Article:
A How-To Guide
From the discussions in Detroit and Tulsa, it was clear that there were three stages in a successful implementation: Making the Case, Implementing the Program, and Sustaining the Program during Change. Outlined below are the 21 steps typically required to move through these stages. The best practices and lessons learned are illustrated by real-life examples from the practitioners themselves and presented in their own words.
Stage 1: Making the Case
The initial stage is to bring together the resources necessary to advocate for the
Step 1. Identify a Champion
The first step in implementing this strategy is to identify a champion. There is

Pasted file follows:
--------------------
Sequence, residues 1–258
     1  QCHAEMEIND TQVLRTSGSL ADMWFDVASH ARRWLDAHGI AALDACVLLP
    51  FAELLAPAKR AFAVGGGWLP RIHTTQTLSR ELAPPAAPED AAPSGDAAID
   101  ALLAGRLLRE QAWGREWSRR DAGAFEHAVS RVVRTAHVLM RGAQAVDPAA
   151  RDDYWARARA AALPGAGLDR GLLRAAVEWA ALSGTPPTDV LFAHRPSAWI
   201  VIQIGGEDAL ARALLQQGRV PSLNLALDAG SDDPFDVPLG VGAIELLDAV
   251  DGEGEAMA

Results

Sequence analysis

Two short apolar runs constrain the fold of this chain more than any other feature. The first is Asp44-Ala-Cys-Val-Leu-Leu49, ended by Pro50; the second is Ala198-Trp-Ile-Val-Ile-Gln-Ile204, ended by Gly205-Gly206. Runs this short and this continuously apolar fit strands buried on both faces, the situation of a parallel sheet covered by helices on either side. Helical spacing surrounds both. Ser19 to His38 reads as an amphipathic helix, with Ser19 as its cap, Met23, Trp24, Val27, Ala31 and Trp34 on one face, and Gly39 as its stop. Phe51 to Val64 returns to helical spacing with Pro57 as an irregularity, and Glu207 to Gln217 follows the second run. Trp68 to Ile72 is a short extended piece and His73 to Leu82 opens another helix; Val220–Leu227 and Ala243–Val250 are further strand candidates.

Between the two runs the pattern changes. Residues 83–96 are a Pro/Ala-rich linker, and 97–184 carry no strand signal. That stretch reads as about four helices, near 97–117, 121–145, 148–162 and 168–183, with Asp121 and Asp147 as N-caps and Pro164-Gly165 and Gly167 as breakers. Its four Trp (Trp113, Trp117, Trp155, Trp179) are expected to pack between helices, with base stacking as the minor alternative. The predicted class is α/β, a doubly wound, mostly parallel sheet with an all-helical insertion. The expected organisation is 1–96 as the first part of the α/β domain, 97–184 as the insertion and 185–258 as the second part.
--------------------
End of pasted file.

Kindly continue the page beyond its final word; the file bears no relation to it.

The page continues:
usually one person who has the initial vision and passion to pursue the idea.
This champion starts the ball rolling and brings others along as the effort gains
momentum. This person must be from inside the school system or have strong
contacts and acceptance within the system.
I just like old buildings…the craftsmanship, quality of construction, and the beauty. I wanted to show all that to my students and help them to understand how they were built.
Roddy Rivers, Instructor, Randolph Career and Technical Center
My family has been in the building trades business for three generations. We’ve also been educators. It was important to me to find a way for the next generation to learn preservation trades in the context of historic preservation where they could gain an intellectual appreciation and a working understanding of the built environment.
Kate Burns Ottavino, Preservation Program Coordinator, Brooklyn School of the Arts